But Davidson wants to remove the right of local body voters to petition for referendums so they can have their say.

A. Changing the existing system

The Green Party will only consider supporting changes to the Electoral Act if:

1. The only effect of the change is to grant the right to vote to some group of citizens and permanent residents of Aotearoa New Zealand, who were previously ineligible to vote; or
2. The changes are adjustments to the existing electoral system that have been recommended by an independent commission, and that are consistent with our Key Principles.

Separate Māori wards are excluded by point 1. because Māori are already eligible to vote.

I’m not aware of any independent commission recommending Māori wards.

Māori wards are not consistent with Green Party Key Principles, but who needs to bother about principles when a party leader wants to override the current democratic systems?

Another Green democracy ‘vision’:

  • We are actively engaged in our democracy and are able to meaningfully participate in government decision-making.

That’s ok as an ideal, but you can’t make people actively engage in our democracy. Local body referendum turnouts were all close to 40%.

And Davidson wants to remove a petition/referendum means of meaningful participation because she disagrees with the democratic outcome.

Perhaps Davidson should try some meaningful participation and actively engage with Māori non-voters, and find out what would encourage them to engage and vote. That would be much better than trying to change the democratic rules when you don’t get the results you want.

It would be great if more Māori voted. It would also be great if more Māori  candidates stood, and if more Māori candidates were good enough to get voted on to local body governments.

B. Changing to a new system

The Green Party will consider supporting changing to a new electoral system only if:

1. The new electoral system is approved by a free and fair referendum of all people in Aotearoa New Zealand eligible to vote under the existing laws. The referendum should have the following characteristics:
a) The referendum process is determined by an independent commission not by members of parliament

Davidson wants to do the opposite.

Great to get more Māori  voting and standing and elected. But terrible for a party leader to try to change the rules to get what she wants.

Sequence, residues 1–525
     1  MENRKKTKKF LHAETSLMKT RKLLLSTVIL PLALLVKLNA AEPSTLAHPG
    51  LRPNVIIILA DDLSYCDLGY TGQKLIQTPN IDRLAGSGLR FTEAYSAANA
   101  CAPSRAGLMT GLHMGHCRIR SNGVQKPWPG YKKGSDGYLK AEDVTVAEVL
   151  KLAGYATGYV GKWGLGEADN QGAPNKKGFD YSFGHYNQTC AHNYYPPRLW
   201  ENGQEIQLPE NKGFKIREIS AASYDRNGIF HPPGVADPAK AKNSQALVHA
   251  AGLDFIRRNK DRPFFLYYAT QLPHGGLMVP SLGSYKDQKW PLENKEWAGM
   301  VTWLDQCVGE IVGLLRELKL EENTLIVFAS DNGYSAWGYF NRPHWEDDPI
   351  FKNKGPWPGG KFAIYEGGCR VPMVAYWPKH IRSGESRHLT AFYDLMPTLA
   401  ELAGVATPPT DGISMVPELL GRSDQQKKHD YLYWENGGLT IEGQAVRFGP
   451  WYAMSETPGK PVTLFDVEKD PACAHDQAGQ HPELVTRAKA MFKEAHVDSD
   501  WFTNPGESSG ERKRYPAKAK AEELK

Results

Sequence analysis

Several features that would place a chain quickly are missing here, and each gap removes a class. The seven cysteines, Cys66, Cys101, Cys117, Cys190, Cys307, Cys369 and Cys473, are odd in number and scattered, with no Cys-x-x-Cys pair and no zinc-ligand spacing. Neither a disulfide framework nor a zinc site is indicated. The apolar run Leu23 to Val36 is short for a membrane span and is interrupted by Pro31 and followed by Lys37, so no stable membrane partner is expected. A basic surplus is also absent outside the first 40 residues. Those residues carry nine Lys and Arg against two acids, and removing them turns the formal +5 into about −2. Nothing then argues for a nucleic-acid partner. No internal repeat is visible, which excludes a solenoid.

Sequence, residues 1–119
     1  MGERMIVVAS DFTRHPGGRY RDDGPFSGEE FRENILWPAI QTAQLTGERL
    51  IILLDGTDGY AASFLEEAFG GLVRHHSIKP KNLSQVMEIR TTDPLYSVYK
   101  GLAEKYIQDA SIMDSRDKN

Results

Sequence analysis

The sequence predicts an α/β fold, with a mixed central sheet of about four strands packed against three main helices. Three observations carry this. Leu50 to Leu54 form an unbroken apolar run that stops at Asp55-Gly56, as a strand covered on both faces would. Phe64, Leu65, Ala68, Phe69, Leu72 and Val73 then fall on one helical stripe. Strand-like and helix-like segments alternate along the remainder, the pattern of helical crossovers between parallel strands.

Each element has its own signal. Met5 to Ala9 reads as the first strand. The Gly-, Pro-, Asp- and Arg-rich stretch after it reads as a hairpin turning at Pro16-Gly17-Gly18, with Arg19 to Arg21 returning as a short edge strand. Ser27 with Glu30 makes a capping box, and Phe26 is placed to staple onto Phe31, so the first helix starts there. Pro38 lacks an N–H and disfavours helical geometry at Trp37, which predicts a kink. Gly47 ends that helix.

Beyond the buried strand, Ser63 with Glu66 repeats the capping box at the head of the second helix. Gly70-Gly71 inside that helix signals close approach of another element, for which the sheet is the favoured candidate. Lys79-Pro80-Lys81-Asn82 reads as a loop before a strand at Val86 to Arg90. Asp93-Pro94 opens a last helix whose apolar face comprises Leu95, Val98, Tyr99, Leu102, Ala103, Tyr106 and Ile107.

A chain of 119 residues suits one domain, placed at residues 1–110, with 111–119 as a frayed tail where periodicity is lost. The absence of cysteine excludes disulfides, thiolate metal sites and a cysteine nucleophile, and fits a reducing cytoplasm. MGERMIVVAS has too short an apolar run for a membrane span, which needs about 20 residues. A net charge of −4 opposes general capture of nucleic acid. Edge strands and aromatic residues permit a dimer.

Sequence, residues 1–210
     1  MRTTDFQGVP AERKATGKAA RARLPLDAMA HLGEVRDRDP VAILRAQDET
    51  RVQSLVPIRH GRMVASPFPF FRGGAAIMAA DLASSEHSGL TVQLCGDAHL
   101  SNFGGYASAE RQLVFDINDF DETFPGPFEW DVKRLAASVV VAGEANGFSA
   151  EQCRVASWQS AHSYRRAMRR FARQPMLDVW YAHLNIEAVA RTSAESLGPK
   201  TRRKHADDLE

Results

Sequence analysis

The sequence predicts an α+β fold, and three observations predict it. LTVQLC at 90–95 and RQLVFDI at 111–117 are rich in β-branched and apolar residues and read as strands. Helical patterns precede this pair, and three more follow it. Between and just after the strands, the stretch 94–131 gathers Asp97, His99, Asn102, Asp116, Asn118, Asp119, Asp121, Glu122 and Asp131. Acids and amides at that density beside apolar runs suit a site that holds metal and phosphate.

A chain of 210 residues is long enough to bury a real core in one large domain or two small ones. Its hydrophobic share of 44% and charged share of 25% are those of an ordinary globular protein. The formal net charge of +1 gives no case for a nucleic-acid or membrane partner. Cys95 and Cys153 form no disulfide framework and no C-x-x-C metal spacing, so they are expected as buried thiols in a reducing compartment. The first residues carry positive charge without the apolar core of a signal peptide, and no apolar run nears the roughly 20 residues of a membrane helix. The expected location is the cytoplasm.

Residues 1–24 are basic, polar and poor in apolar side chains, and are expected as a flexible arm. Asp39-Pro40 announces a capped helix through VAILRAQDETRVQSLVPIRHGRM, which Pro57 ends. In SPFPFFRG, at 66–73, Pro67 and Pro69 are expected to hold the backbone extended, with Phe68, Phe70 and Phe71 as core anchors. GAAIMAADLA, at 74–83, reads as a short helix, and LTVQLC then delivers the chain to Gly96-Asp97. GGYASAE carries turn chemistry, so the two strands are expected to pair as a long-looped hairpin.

Not only is Davidson promoting double democratic standards, she is promoting very different democratic standards to he party principles and policies.

51 Comments

  1. artcroft

     /  May 22, 2018

    Another reason not to vote Grween.

    • Gezza

       /  May 22, 2018

      I’d never vote for a party with a name like that anyway, arty. :/

      • Corky

         /  May 22, 2018

        Arty, these Gweens who have pink holsters, and oil their ”irons” with hemp oil, are an affront to the West…and our manly belief in natural selection.

        • Zedd

           /  May 22, 2018

          ho ho hum..

          • Corky

             /  May 22, 2018

            Talking of ho ho hum…where’s Robby Guyton? It’s not fair he’s missing out on a good kicking.

  2. David

     /  May 22, 2018

    Not sure what problem she is trying to solve there seems to be no basis in fact that if you are Maori people wont vote for you. Local government is achingly PC already and as far as I am aware there is equal access to water, footpaths and libraries.

    • David

       /  May 22, 2018

      “Not sure what problem she is trying to solve”

      A way to get more Green politicians permanent jobs.

      • Blazer

         /  May 22, 2018

        2 Davids are definately not better than…one.

        • High Flying Duck

           /  May 22, 2018

          And yet 2 David’s are infinitely better than 1 Davidson.

          • Blazer

             /  May 22, 2018

            as a Zionist…you are clearly…biased.

            • He’s a “Zionist”. Are you, likewise, a Hamas hugger?

              Labels – sheesh

  3. Geoffrey Monks

     /  May 22, 2018